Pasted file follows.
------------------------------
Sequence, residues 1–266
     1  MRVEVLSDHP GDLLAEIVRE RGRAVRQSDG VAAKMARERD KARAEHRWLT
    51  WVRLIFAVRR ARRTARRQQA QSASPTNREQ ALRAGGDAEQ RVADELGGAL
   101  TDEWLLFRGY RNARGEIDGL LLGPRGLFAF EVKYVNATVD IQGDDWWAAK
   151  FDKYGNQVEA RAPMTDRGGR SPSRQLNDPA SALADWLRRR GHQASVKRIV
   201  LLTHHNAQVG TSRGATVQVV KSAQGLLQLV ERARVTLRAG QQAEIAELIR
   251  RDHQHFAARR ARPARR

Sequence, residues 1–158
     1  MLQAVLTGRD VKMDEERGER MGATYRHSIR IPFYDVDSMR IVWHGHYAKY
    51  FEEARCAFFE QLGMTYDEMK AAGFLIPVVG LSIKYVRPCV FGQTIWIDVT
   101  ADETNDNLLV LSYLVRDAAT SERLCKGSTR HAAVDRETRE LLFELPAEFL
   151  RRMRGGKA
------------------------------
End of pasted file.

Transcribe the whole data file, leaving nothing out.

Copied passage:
Sequence, residues 1–266
     1  MRVEVLSDHP GDLLAEIVRE RGRAVRQSDG VAAKMARERD KARAEHRWLT
    51  WVRLIFAVRR ARRTARRQQA QSASPTNREQ ALRAGGDAEQ RVADELGGAL
   101  TDEWLLFRGY RNARGEIDGL LLGPRGLFAF EVKYVNATVD IQGDDWWAAK
   151  FDKYGNQVEA RAPMTDRGGR SPSRQLNDPA SALADWLRRR GHQASVKRIV
   201  LLTHHNAQVG TSRGATVQVV KSAQGLLQLV ERARVTLRAG QQAEIAELIR
   251  RDHQHFAARR ARPARR

Sequence, residues 1–158
     1  MLQAVLTGRD VKMDEERGER MGATYRHSIR IPFYDVDSMR IVWHGHYAKY
    51  FEEARCAFFE QLGMTYDEMK AAGFLIPVVG LSIKYVRPCV FGQTIWIDVT
   101  ADETNDNLLV LSYLVRDAAT SERLCKGSTR HAAVDRETRE LLFELPAEFL
   151  RRMRGGKA